LASALLE, CO — In answer to increased demand for organic potatoes and onions, Strohauer Farms in LaSalle, CO, has increased acreage for those commodities at the same time it expands its specialty line and conventional production.
And, as he prepared for harvest at his northern Colorado family-run operation, owner Harry Strohauer told The Produce News that the farm also is taking a proactive stance in marketing and promotion — exhibiting for the first time at Produce Marketing Association’s Fresh Summit convention and trade show this October in Atlanta and attending Expo East/All Things Organic this September in Baltimore.
The exposure is part of Strohauer Farms’ move to expand in both retail and foodservice market segments with the multiple-commodity line.
A cooler planting season has some items coming in slightly later than normal, and Mr. Strohauer said June 28, “We are estimating right now that our conventional Yukon Gold and russet potatoes will begin shipping the week of August 1.”
All conventional fingerlings except Purple Peruvians are expected to start the week of Aug. 15, and organic fingerlings should start the week of Aug. 22.
Mr. Strohauer said that organic Yukons and russets should start the week of Aug. 29, followed by conventional Purple Peruvian and his line of specialty onions the week of Sept. 19.
Organic Purple Peruvian fingerlings should start shipping the week of Sept. 26.
The potato line now is made up of conventional and organic russets, Yukon Golds, Banana fingerlings, Rose Finn and Ruby Crescent fingerlings, French fingerlings and the Purple Peruvian. Specialty onions from Strohauer Farms are organic and conventional white, red and gold pearls, boilers, cipollinis and shallots.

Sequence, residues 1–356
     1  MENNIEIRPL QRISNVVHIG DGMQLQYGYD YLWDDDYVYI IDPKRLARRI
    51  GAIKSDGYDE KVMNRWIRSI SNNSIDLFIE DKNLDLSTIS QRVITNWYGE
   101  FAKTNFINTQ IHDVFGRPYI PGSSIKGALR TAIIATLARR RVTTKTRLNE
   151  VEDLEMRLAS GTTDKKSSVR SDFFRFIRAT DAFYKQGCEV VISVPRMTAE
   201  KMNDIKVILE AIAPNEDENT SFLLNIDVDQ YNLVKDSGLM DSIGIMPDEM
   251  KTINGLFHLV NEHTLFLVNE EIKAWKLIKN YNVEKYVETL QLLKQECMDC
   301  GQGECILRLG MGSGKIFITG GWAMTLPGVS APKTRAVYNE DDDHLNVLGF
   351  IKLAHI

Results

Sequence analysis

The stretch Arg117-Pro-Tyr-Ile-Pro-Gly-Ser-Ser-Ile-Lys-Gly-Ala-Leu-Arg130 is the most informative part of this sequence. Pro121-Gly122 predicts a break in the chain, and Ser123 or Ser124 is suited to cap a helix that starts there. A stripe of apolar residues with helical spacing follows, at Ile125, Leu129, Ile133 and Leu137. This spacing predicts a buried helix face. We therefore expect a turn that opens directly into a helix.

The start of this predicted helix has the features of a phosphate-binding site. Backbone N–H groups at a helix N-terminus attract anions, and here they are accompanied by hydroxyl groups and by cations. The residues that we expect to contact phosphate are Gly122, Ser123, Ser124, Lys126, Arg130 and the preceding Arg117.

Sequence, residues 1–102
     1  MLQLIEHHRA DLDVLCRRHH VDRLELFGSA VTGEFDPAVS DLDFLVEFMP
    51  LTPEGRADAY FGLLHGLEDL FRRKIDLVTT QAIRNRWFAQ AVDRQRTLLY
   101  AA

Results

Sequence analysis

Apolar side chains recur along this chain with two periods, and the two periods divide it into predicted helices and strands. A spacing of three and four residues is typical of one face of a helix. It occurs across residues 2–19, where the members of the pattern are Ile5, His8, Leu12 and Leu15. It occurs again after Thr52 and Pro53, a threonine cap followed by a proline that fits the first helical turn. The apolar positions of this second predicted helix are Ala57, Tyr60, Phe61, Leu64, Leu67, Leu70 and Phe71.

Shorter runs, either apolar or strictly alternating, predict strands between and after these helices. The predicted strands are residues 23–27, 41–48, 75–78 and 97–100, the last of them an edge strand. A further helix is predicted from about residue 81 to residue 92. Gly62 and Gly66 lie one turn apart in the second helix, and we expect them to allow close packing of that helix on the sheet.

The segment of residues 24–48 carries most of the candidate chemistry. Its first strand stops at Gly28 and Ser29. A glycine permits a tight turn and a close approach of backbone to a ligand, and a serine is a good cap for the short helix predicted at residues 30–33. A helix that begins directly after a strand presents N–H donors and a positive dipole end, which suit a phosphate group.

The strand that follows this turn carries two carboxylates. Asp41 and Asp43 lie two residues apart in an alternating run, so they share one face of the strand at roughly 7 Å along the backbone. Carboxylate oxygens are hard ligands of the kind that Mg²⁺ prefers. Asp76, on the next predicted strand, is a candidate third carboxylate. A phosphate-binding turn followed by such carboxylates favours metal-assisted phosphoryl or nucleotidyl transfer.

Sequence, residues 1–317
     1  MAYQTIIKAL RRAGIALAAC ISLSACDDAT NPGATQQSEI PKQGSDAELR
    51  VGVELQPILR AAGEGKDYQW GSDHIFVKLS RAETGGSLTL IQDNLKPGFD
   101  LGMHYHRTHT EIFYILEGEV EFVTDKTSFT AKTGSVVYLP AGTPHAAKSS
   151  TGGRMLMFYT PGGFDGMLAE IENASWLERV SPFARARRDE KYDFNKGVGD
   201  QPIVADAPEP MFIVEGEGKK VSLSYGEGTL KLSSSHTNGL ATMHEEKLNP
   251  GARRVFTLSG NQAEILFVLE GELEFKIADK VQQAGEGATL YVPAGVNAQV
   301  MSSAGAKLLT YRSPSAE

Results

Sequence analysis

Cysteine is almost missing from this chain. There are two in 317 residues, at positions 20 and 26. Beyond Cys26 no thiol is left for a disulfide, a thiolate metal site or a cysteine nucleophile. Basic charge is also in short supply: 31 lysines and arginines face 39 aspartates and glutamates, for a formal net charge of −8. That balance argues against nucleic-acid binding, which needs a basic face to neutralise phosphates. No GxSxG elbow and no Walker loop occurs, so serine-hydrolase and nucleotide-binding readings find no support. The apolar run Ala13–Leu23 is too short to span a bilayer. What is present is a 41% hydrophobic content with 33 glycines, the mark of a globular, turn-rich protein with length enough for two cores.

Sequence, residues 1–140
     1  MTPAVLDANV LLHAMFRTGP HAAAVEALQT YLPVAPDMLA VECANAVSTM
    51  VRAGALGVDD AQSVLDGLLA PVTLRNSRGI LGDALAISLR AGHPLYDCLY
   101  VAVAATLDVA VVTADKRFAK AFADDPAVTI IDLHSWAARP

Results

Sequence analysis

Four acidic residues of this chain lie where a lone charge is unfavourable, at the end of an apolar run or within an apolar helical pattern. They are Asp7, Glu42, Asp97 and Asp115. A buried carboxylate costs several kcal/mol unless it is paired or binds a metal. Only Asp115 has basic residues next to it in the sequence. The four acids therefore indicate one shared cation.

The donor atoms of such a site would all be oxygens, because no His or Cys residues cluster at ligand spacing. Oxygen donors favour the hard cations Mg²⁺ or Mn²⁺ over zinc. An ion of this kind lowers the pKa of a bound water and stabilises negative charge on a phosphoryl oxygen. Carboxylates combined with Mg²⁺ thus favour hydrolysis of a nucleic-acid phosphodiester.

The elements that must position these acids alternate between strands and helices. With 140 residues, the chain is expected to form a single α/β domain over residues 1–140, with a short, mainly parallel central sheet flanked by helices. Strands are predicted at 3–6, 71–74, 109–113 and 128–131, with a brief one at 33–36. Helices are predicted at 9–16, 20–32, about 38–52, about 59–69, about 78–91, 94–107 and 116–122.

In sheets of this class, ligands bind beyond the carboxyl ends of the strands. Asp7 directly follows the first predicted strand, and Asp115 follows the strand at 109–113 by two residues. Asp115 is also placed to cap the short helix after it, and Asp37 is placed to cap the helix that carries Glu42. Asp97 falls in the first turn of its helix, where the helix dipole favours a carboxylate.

“This year we slightly increased acreage in both potatoes and onions due to market demand,” Mr. Strohauer said. The packingshed is also seeing expansion.
“We are installing additional equipment to streamline our bulk shipping process,” he said. “This year we are anticipating an increase in bulk shipping, and so we are working on expediting loading time.”
Mr. Strohauer went on to say, “In addition to the packingshed upgrades, we are adding a sizing and sorting line for the specialty onions and shallots. As we continue to expand and focus on specialties, our goal is to be a one-stop shop for both organics and conventionals.”
Traceability and food safety remain top priorities, and Mr. Strohauer said, “Strohauer Farms is moving forward to have a traceback program in place this season. As for food safety, we are organically, GAP and GHP certified.”
New packaging will be rolled out this season as well, according to Marketing Director Tanya Fell.
“We are now redesigning our ‘Rocky Mountain Gourmet’ packaging for fingerling potatoes,” Ms. Fell said. “We have updated the health data and have included handling information as well as easy-to-prepare recipes.”
A new label is being designed and will be used in addition to “Rocky Mountain Gourmet” and “Nature’s Peak” for potatoes and “Rocky Mountain Pure” for the specialty onions, she said.
One issue that has loomed particularly large in past years is not as much a threat this season, according to Mr. Strohauer.
“Due to the increased snowpack in the Rocky Mountains, the water outlook for this season looks good,” he said, but other economical factors continue to take their toll on family farming.
“Our production expenses have increased significantly this year due to ramping up our psyllid control,” he said. “Fuel, fertilizer, chemical costs have all increased which impacts our operation.”